April 1, 2014
"People who take a strict binary view of culture (“culture of privilege = awesome; culture of poverty = fail”) are afflicted by the provincialism of privilege and thus vastly underestimate the dynamism of the greater world. They extoll “middle-class values” to the ignorance and exclusion of all others. To understand, you must imagine what it means to confront algebra in the morning and “Shorty, can I see your bike?” in the afternoon. It’s very nice to talk about “middle-class values” when that describes your small, limited world. But when your grandmother lives in one hood and your coworkers live another, you generally need something more than “middle-class values.” You need to be bilingual."

Ta-Nehisi Coates in The AtlanticOther People’s Pathologies

Black culture and the culture of poverty are not the same thing.

April 1, 2014
"Historical record aside, who can resist the deliciousness of having both the upper hand of power and the righteousness of the oppressed?"


March 27, 2014
"[P]ushing endangered language archives, their depositors and their contributors towards Open Access represents a serious confusion of (i) a worthy challenge to large commercial publishers’ distribution monopoly of publicly funded research, with (ii) unmoderated access to recordings which may contain personal, identifying, or sensitive content. However, there is no moral or scientific equivalence between challenging distribution monopolies and revealing of personal or sensitive information provided by language community members. An across-the-board policy of Open Access to endangered languages recordings is a new form of pseudo-scientific colonialism."

David Nathan at Endangered Languages and Cultures. The Access powers: Open Access and Language Documentation – David Nathan

March 24, 2014
"Make and enjoy culture that is true to where it comes from, not to what color it is supposed to be."

Adam Rothstein at The State. how not to be white on the internet

March 19, 2014
"The most interesting thing about cultures may not be in the observable things they do—the rituals, eating preferences, codes of behavior, and the like—but in the way they mold our most fundamental conscious and unconscious thinking and perception."

Ethan Watters at Pacific Standard. We Aren’t the World

Joe Henrich and his colleagues are shaking the foundations of psychology and economics—and hoping to change the way social scientists think about human behavior and culture.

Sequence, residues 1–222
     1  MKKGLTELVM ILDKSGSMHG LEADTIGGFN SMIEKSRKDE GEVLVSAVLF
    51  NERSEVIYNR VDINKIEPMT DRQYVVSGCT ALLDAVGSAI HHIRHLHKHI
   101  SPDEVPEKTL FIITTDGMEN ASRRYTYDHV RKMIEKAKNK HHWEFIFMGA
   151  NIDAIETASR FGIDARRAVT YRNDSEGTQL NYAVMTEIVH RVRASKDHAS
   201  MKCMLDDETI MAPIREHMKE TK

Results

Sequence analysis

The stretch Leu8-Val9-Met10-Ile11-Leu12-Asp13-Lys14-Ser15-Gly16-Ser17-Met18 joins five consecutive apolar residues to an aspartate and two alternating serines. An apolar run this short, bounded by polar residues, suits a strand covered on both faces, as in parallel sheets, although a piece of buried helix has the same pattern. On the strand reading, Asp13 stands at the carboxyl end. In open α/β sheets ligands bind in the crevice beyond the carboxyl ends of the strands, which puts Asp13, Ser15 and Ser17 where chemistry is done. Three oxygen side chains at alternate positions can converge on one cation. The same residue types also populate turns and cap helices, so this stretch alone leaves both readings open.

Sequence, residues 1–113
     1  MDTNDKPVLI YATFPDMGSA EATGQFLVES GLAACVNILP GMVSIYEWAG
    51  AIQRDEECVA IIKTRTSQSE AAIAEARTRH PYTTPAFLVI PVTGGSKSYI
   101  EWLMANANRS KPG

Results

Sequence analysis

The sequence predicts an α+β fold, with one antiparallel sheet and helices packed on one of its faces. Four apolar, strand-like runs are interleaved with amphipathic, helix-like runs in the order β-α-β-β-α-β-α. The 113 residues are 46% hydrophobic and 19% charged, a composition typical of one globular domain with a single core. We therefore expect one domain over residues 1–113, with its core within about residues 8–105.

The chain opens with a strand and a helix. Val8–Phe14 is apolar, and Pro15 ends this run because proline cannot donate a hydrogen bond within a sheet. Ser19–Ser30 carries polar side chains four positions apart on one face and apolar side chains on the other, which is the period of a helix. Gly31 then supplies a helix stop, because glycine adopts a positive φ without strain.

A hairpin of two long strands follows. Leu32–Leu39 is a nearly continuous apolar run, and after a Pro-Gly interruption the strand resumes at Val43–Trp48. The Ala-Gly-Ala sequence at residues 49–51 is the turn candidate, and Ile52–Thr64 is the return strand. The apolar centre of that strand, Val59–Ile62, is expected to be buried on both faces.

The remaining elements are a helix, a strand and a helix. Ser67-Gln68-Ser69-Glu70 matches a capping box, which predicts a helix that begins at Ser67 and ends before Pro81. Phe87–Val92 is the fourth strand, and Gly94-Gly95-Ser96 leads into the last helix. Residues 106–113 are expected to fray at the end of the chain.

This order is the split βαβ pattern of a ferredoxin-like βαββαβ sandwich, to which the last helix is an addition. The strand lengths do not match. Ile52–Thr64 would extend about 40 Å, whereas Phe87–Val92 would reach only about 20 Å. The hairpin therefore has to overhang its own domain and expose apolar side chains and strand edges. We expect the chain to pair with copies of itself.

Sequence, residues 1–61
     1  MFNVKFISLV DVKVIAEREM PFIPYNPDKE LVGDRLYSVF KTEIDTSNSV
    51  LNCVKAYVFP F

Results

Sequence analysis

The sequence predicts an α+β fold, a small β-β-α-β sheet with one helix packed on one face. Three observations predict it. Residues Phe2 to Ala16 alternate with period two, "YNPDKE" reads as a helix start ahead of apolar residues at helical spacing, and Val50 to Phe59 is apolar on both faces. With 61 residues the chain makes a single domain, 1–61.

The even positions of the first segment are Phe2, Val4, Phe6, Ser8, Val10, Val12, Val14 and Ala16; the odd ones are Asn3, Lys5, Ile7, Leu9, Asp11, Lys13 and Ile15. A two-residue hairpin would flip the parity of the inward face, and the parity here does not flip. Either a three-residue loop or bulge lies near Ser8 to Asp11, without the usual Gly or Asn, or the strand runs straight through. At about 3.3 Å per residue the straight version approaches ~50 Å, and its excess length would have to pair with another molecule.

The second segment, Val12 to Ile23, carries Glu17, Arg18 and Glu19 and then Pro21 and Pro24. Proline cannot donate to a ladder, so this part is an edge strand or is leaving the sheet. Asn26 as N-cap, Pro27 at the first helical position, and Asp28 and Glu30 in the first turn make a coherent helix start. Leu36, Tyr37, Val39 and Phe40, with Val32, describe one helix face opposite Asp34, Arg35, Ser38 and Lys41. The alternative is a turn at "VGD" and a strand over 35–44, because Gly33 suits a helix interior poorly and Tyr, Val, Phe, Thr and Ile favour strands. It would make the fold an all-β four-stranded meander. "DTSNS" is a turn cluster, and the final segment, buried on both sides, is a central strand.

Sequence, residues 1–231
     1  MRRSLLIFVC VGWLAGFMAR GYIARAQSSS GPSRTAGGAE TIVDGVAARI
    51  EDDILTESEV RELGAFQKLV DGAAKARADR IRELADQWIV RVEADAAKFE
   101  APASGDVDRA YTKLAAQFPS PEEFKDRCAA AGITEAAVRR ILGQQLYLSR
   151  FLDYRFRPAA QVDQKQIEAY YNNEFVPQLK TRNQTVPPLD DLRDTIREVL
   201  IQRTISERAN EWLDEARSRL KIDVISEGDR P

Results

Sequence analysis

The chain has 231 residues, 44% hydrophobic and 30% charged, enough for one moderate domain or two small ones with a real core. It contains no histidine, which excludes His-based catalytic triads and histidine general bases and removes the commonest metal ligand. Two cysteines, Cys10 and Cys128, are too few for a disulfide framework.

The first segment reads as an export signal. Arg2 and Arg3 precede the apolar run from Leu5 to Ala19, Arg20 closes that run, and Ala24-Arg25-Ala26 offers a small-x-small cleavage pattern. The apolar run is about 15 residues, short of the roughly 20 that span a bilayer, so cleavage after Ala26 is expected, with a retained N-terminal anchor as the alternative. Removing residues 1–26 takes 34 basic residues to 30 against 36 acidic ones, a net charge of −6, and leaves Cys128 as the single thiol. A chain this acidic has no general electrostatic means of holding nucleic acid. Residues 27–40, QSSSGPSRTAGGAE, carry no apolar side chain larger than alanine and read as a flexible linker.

February 4, 2014
""Our cup is broken. Those things that had given significance to the life of his people, the domestic rituals of eating, the obligations of the economic system, the succession of ceremonials in the village, possession in the bear dance, their standards of right and wrong–these were gone, and with them the shape and meaning of their life” (1934/89: 21-2)."

Ruth Benedict quoted in an article at Reading Anthropology.  I’m Ruth Benedict, and I’m listening….

The whole passage can be read on Google Books.

February 2, 2014
"[T]he tactics that Brand deployeed in the Catalog—peer production, aggregation, and curation—became models for digitized processes that have dramatically enlarged and diversified membership in the public sphere. At the same time however, the Catalog and community it served should remind us of the hidden costs of putting our hopes for social change in the technology-empowered, expressive individual and ideology of holism."

Fred Turner at his Web site, paper (PDF) from an exhibition at Haus der Kulturen der Welt. The Whole Earth: California and the Disappearance of the Outside.

January 4, 2014
"Freire’s writings embody a mode of discursive struggle and opposition that not only challenges the oppressive machinery of the State but is also sympathetic to the formation of new cultural subjects and movements engaged in the struggle over the modernist values of freedom, equality, and justice."

Henry Giroux at his Web site. Paulo Freire and the Politics of Postcolonialism 

December 24, 2013
"Because at the end of it all, that’s what’s truly exceptional about America — that we have not one but two of them. And after all these years, one America is still all about sticking it to the others who doesn’t look like them. I guess that’s our nation’s real “Duck Dynasty” — and it shows no sign of relinquishing its grip on us."

Will Bunch at Philly.com. The exceptionalism of our two Americas

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December 5, 2013

Indigenous law is the body of law that defines the reciprocal obligations between human beings, animal and plant beings, spirit beings and the land.

Language is central to the reclamation of Indigenous law because translation fails us — not only because so much is lost in translation, but also because so much is added. It is nearly impossible for me to use the English term law and not have you immediately form images in your head of what law is.


Chelsea Vowel at âpihtawikosisân. The reports of our cultural deaths have always been greatly exaggerated

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